NOMA-based 802.11g/n: PHY analysis and MAC implementation
Iradier Gil, Eneko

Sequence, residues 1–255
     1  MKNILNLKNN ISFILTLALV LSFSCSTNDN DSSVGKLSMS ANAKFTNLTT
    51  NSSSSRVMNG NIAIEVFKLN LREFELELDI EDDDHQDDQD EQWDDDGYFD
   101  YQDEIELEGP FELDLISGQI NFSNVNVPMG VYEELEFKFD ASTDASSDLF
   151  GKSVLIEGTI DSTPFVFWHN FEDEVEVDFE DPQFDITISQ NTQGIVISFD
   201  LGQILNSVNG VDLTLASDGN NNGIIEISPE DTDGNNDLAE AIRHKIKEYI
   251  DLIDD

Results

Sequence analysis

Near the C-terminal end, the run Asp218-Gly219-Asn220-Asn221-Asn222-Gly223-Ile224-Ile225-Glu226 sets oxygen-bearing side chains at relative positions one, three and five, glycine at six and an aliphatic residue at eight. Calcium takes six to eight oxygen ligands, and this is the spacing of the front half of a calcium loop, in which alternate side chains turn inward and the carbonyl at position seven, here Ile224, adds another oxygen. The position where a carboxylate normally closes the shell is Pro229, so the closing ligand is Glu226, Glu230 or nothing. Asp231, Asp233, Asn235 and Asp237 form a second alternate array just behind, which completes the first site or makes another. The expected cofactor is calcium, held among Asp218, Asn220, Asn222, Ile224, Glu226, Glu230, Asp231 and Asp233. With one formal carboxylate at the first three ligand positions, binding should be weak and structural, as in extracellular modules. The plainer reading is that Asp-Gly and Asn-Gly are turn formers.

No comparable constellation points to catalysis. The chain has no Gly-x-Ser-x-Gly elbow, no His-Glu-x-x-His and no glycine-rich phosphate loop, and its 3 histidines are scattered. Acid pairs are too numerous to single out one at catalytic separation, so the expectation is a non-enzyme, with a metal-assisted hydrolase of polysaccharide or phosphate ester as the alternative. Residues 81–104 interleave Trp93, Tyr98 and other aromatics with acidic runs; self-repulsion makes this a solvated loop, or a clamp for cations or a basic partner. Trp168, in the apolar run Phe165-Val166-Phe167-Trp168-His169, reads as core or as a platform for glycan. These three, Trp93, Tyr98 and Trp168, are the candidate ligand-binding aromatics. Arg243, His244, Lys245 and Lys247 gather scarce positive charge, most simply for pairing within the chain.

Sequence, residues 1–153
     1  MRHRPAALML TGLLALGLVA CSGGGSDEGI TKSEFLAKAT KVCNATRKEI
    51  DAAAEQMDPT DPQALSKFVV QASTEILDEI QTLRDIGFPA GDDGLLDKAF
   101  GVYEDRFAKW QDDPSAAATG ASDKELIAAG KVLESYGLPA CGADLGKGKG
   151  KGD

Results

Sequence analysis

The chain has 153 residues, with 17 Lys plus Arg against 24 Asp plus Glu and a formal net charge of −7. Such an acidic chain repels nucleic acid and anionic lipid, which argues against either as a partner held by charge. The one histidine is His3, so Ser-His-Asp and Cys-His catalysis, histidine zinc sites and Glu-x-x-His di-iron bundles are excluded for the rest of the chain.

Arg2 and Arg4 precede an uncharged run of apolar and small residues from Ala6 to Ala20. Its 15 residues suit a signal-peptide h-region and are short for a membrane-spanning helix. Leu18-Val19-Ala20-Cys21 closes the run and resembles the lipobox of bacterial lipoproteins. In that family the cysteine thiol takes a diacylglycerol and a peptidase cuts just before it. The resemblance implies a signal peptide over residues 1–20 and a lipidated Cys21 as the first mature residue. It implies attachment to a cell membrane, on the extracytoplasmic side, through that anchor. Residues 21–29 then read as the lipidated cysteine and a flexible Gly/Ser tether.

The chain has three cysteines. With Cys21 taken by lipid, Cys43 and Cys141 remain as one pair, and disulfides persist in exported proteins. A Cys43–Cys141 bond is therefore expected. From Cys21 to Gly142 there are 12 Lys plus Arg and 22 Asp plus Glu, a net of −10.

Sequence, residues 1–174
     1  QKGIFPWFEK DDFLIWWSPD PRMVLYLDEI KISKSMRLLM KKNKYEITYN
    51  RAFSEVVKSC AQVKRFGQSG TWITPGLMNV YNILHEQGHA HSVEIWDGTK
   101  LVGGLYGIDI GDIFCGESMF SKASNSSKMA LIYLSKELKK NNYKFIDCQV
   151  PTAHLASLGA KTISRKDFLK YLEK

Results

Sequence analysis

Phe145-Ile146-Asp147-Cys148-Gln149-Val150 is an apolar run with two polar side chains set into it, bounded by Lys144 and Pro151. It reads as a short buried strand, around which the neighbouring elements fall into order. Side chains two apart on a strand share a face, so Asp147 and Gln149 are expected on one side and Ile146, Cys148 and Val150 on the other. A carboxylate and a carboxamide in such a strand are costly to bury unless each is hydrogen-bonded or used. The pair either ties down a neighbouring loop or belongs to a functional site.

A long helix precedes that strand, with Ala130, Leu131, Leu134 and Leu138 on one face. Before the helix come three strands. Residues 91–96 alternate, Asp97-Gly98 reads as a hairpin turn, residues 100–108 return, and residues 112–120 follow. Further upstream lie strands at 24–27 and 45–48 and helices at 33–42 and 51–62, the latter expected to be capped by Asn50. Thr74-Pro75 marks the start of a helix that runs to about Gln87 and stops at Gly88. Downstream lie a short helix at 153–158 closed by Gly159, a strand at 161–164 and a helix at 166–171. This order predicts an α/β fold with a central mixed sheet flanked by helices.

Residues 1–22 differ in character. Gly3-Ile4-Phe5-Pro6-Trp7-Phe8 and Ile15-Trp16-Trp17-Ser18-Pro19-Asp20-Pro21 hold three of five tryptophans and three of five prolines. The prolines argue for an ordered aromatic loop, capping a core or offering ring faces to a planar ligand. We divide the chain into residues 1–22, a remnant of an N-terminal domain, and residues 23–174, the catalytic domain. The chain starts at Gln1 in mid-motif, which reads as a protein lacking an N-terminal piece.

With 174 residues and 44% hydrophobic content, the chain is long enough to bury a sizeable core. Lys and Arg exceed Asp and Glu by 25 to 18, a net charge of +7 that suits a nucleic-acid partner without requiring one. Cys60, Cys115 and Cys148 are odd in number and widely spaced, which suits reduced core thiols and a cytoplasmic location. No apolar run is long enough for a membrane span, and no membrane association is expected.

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Industry 4.0 can be considered as the industrial revolution of the current century. Among others, one of its main objectives is the replacement of wired communications by wireless connectivity. The idea is to overcome the main drawbacks of the current wired ecosystem: the lack of mobility, the deployment costs, cable damage and the difficulties with scalability. However, for this purpose, the nature and requirements of the industrial applications must be taken into account, in particular, the proposed communications protocols must support very low loss rates and a strong robustness against failures. This is a very challenging condition due to the nature of the industrial environments (interference with other communication systems, reflections with metallic objects ...). In addition, another characteristic of the industrial applications is the strict requirement related to the latency. On the other hand, industrial applications are not only based on high challenging services, but also exist more flexible requirement applications, such as, web browser, email, video content or complementary information. Those services are considered Best Effort (BE) services. Eventually, in some wireless applications both critical and BE services have to be offered. For those cases, Non-Orthogonal Multiplexing Access (NOMA) technology together with the IEEE 802.11g/n standard is proposed in this document as the physical layer solution. The IEEE 802.11g/n standard has been modified in order to accommodate NOMA schemes, and then, comprehensive simulations are conducted to check and analyze the behavior of the proposed system. It has been determined that through NOMA technology it is possible to obtain better results in certain cases than those achieved in a transmission cases that implements the IEEE 802.11g/n standard in TDM/FDM basis.